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Nov 12 (Reuters) – Emerging market stocks and currencies fell on Monday, pressured by a strong dollar and rising oil prices with net crude importers bearing the brunt.

The MSCI index of emerging market currencies fell 0.3 percent as the dollar built on last week’s gains and hit a 16-month high, while oil prices rose by more than one percent on Monday as top exporter Saudi Arabia announced a December supply cut.

This hit currencies of net oil importers such as the Indian rupee and the Turkish lira.

“The recent rebound in oil prices is a reminder that it will become increasingly difficult for twin deficit currencies – rupee, rupiah and peso – to smooth currency volatility via rate hikes without hurting the economy, and through interventions without depleting reserves,” said Stephen Innes, head of Asia Pacific trading at Oanda.

But, the bounce in oil prices lifted the currency and stocks in Russia – a net exporter of oil – with the rouble up 0.6 percent and the Moscow stock exchange index climbed by 0.5 percent aided also by a delay to the imposition of U.S. sanction on aluminium giant Rusal.

“Oil is improving sentiment for the rouble today but there is also another driver for the rouble – Rusal sanctions. Some deadlines were extended by U.S. authorities. And we are not seeing any other negative news related to sanctions,” said Vladimir Miklashevsky, a senior economist at Danske Bank.

The Sri Lankan rupee weakened after dollar-bonds fell as President Maithripala Sirisena dissolved parliament on Friday night and called an election for Jan. 5 in a move that will likely deepen the country’s political crisis.

The Chinese yuan extended losses, after its worst week since July as soft economic data last week showed cooling of the economy, while South Africa’s rand was weaker by 0.3 percent as yield-seeking investors continued to back the dollar.

MSCI’s benchmark emerging equity index was down 0.6 percent, trading at its lowest level this month as exchanges in South Korea, India and South Africa declined.

China mainland stocks , however, shined through, snapping a one-week losing streak boosted by a series of stimulus measures, notably the securities regulator making it easier for companies to buy back shares, possible implementation of large scale tax cuts.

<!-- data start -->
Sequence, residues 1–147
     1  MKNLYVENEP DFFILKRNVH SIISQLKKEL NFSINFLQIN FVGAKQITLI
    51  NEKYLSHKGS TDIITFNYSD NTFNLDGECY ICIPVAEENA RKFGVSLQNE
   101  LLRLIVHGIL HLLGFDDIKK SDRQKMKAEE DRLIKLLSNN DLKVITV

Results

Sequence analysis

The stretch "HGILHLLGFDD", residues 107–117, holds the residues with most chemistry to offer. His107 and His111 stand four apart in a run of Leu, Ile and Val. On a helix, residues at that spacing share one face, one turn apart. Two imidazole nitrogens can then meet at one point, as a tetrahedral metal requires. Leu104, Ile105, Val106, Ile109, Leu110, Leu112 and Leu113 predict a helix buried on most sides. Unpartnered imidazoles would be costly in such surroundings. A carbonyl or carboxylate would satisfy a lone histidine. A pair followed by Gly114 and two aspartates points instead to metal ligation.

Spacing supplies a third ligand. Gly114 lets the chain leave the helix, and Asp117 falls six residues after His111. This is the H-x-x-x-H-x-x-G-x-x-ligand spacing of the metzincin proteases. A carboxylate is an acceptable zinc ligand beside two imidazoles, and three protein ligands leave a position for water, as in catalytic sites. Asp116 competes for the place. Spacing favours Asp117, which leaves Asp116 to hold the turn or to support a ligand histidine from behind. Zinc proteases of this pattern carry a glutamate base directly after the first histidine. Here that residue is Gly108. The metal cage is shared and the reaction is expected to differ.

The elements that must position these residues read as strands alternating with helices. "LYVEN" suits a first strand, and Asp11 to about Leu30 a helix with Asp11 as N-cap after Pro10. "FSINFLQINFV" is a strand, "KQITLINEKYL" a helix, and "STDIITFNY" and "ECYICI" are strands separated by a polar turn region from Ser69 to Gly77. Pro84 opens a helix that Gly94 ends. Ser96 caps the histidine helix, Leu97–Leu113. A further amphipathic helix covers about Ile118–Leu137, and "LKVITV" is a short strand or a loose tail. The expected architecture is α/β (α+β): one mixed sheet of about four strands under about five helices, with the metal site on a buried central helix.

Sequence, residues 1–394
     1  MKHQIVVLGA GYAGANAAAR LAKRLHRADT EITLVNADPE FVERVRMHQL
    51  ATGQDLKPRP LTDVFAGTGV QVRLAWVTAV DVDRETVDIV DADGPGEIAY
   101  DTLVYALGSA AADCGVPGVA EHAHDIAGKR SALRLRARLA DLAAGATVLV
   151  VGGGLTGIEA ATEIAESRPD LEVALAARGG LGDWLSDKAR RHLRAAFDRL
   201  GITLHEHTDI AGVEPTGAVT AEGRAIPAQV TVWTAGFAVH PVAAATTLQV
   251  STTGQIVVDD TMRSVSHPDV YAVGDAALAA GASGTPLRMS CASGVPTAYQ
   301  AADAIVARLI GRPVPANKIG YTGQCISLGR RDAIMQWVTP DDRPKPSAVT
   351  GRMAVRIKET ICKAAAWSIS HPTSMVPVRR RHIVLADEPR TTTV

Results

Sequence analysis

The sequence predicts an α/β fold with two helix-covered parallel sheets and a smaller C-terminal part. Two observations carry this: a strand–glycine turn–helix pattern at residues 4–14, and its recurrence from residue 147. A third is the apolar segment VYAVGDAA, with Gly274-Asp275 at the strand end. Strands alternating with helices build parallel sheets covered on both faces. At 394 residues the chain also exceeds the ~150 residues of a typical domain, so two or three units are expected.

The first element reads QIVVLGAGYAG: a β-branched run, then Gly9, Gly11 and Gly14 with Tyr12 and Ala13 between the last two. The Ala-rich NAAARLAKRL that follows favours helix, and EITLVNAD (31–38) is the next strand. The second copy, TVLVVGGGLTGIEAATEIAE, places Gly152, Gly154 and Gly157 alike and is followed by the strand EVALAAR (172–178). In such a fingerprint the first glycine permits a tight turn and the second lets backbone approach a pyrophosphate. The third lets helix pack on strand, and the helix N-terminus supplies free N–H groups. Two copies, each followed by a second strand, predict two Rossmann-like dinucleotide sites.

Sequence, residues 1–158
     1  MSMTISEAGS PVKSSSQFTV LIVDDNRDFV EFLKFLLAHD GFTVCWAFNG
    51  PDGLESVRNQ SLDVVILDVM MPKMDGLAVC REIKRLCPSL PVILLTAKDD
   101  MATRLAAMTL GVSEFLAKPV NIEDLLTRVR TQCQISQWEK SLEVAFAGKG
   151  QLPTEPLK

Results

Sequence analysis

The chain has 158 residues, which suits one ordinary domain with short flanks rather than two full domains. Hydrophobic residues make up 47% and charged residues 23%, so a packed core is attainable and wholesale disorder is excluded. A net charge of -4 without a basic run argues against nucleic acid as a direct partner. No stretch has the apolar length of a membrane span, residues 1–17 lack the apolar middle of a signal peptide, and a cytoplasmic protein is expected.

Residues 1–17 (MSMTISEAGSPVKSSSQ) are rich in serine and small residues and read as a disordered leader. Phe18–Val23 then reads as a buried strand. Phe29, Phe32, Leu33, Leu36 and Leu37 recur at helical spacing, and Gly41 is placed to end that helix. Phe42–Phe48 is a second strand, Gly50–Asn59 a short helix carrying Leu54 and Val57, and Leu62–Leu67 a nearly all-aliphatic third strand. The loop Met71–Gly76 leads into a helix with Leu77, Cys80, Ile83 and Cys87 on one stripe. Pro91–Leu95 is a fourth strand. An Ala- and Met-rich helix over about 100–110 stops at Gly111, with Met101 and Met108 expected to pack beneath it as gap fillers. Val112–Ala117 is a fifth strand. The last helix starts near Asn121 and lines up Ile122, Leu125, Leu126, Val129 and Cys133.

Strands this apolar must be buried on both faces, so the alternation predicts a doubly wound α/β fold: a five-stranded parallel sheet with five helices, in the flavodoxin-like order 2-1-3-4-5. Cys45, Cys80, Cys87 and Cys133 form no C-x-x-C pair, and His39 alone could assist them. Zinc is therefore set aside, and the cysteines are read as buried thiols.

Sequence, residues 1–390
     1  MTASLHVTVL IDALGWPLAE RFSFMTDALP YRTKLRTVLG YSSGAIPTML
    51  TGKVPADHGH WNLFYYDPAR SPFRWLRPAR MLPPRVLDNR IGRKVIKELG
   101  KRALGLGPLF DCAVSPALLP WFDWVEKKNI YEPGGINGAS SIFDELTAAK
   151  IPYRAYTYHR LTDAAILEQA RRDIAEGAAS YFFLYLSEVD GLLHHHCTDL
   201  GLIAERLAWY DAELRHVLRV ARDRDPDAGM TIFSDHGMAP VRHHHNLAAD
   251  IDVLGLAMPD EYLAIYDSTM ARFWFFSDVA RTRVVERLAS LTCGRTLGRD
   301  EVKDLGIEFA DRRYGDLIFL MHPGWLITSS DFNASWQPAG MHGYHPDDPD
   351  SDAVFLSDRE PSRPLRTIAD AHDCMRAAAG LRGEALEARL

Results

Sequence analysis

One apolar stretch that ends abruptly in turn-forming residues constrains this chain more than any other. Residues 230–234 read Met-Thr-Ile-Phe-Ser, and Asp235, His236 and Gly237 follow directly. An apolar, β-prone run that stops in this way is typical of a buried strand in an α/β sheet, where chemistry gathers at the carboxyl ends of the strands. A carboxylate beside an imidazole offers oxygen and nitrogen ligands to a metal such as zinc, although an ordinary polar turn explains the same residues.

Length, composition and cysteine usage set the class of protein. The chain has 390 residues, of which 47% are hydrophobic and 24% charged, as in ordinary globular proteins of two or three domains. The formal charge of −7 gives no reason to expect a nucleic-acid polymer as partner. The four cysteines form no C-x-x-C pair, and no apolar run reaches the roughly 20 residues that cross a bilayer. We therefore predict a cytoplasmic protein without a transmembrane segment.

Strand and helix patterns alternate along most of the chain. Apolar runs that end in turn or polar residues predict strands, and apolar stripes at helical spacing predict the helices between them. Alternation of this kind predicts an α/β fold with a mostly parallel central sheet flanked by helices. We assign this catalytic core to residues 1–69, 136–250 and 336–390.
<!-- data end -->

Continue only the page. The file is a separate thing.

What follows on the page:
Focus also remains on U.S. Vice-President Mike Pence’s attendance at the Association of South East Asian Nations summit this week, which could see him provide clarity on U.S. intentions for improving trade relations with China.

“Trade is always going to be a concern in the current environment for Asia, as about one third of all global trade goes through the region, and it is slowing, which means slower incomes growth across the region,” said Robert Carnell, chief economist and head of research at ING Asia.

In Eastern Europe, Romania’s leu touched its lowest since May last year as consumer price inflation slowed in October.

[“source=cnbc”]

EMERGING MARKETS-Mexican peso falls most among Latin American currencies

Image result for EMERGING MARKETS-Mexican peso falls most among Latin American currenciesCurrencies in Mexico and Brazil weakened on Monday in line with emerging market currencies elsewhere as the dollar surged to 16-month highs and as concerns on global growth persisted. The euro and pound were weaker due to rising political risk in Italy and Britain, adding to the greenback’s gains from last week when the U.S. Federal Reserve signaled it would stay on its hawkish path. Risk appetite was also pressured by signs of slowing growth in China. The Mexican peso lost the most in the region, down 0.4 percent, while Brazil’s real declined 0.3 percent. The Chilean peso fell 0.3 percent and hit its lowest in a week. Stocks on Brazil’s Bovespa index climbed with energy and material shares leading gains. Financial markets in Colombia were closed for a local holiday.

Key Latin American stock indexes and currencies at 1254 GMT:

[“source=cnbc”]